Gaze is the direction of orientation that people display through the positioning of their head, notably their eyes, in relation to their environment. Gaze is a key term used across visual and multimodal research in a range of disciplines, including art history, visual studies, cultural studies, psychology, and sociology. However, gaze is a contentious issue. Coulter and Parsons (1990) critique work on gaze, suggesting how gaze is a gloss for many ways of ‘looking’ that is attended to in quite different ways. Multimodality has connected with the ideas from each of these approaches in different ways:
Within visual studies and media and cultural studies the viewer, looking and gaze are central themes in theorizing and understanding visual representation. Understanding the agency of the viewer as articulated via their gaze demands a shift of analytical emphasis away from the image/text to the social identities and experiences of the viewer. This necessarily connects with the context of viewing as part of the production of meaning.
Psychoanalysis, feminist and queer ideas of the gendered gaze, hetero-normativity, visual power (e.g. Sturken & Cartwright, 2009), have been influential in multimodal analysis of images, e.g. Kress and van Leeuwen developed the notion of the Image-act which concerns how the imagined viewer is positioned in relation to the gaze of a person or animal depicted in an Image as either a ‘demand’ (the gaze looks directly at and demands something of the viewer) or an ‘offer’ (where such a look is not present).
Within psychology gaze is one way to ‘get at’ processes of perception and cognitive activity. One particular outcome is the development of eye-tracking methods, where a person’s eye movement is tracked as they engage with text or images and the features of their engagement inferred, such as allocation of attention, fixation, direction of reading.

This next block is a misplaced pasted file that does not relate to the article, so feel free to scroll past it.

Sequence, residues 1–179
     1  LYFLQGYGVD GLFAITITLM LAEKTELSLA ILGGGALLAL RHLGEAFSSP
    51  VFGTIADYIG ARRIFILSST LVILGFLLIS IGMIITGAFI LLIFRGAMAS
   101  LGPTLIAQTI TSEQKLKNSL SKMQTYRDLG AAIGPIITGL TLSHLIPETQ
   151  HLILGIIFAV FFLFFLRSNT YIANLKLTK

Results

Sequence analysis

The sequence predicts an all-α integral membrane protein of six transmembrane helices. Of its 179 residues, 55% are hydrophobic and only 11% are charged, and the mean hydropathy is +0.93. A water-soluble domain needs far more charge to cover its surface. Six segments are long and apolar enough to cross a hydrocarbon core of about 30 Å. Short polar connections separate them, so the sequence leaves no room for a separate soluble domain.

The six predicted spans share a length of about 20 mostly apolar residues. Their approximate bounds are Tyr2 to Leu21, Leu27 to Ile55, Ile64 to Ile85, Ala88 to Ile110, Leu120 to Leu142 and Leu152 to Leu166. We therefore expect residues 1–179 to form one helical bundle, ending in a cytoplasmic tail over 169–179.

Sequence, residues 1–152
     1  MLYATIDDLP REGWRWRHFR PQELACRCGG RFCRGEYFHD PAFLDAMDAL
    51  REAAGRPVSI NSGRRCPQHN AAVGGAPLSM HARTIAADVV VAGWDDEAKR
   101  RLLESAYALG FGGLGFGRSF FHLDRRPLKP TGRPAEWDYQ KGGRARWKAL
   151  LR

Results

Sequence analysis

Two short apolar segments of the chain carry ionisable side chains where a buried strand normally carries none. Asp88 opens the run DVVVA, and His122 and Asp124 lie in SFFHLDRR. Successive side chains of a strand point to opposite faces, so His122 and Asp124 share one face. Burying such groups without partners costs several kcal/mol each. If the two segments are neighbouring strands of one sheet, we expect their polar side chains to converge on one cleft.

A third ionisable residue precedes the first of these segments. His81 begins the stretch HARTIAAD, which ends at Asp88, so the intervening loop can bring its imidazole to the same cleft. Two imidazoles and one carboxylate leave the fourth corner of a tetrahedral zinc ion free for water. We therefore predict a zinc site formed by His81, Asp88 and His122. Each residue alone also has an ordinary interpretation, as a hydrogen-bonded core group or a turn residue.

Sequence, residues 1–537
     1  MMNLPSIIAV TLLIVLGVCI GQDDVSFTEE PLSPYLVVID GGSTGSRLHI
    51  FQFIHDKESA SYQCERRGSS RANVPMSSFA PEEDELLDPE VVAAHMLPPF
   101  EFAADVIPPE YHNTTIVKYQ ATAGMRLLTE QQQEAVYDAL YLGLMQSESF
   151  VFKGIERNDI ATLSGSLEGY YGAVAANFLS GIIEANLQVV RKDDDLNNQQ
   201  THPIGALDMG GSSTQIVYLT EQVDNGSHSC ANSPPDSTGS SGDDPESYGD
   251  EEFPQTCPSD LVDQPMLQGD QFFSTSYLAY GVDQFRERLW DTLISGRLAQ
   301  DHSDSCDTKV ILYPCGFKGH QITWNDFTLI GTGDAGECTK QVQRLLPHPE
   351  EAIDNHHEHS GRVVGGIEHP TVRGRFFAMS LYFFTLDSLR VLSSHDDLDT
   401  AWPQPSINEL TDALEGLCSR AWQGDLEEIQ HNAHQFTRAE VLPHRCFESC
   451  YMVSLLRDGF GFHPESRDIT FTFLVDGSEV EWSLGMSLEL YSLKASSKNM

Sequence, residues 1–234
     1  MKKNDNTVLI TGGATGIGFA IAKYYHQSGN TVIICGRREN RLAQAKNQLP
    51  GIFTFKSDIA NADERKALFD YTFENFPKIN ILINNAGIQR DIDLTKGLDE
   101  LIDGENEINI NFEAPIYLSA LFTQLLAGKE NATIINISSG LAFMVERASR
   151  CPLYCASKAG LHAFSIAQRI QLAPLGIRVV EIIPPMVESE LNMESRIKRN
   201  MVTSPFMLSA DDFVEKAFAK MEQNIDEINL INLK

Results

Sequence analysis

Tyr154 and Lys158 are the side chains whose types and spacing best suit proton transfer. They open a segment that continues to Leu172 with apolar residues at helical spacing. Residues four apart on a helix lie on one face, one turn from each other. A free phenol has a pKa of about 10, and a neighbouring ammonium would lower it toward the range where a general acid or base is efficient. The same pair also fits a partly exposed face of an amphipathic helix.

Gaze is widely considered to index social understanding: the so called Theory of Mind proposes that we understand each other’s behaviour through having innate ability to “read” mental states of others (e.g., Baron-Cohen, 1995; Scholl & Leslie, 2001). Autism spectrum disorders illustrate how psychological research has attempted to reveal a person’s ability to theorise about minds and whether they possess social insight and understanding, through their gaze, one of the markers of autism being avoidance of mutual gaze with others.
In Conversational Analysis, gaze has been studied through detailed analysis of multimodal interaction. This work examines where and when sequentially gaze is produced in relation to ongoing activities such as talk, bodily conduct, and co-participant(s) actions.
Goodwin, C. (1981)
Conversational Organization: Interaction between speakers and hearers.
New York: Academic Press
Coulter, J. and Parsons ED, (1990)
‘The praxeology of perception: visual orientations and practical action’
Kidwell, M. (2005)
Gaze as social control: How very young children differentiate “The Look” from a “Mere Look” by their adult caregivers.
Research on Language & Social Interaction, 38, 417-449.